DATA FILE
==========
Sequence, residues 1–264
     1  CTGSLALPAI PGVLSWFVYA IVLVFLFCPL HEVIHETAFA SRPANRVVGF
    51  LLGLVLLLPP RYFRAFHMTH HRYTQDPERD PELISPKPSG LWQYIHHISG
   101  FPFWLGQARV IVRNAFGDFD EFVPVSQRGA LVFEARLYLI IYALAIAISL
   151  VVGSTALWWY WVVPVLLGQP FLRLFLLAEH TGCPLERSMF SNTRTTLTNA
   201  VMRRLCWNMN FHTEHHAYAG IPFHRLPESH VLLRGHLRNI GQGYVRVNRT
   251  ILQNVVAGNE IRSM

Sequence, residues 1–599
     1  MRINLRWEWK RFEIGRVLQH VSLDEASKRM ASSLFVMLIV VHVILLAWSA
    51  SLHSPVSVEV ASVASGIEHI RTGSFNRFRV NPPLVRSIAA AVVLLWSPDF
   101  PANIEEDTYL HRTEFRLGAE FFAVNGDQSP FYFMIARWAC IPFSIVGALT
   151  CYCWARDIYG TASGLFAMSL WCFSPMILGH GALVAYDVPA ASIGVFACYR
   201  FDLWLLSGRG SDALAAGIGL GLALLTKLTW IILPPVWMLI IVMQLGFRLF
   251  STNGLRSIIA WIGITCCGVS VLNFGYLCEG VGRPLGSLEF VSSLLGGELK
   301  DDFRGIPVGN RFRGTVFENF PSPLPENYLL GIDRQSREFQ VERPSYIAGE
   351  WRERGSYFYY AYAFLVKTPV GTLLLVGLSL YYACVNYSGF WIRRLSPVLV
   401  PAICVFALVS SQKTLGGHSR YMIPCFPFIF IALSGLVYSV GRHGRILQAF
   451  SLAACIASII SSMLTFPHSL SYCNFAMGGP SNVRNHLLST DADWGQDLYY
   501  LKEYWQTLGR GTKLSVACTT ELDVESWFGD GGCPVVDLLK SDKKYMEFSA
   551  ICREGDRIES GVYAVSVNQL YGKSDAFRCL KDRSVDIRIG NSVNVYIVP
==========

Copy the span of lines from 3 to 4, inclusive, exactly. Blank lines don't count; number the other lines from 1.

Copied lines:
    51  LLGLVLLLPP RYFRAFHMTH HRYTQDPERD PELISPKPSG LWQYIHHISG
   101  FPFWLGQARV IVRNAFGDFD EFVPVSQRGA LVFEARLYLI IYALAIAISL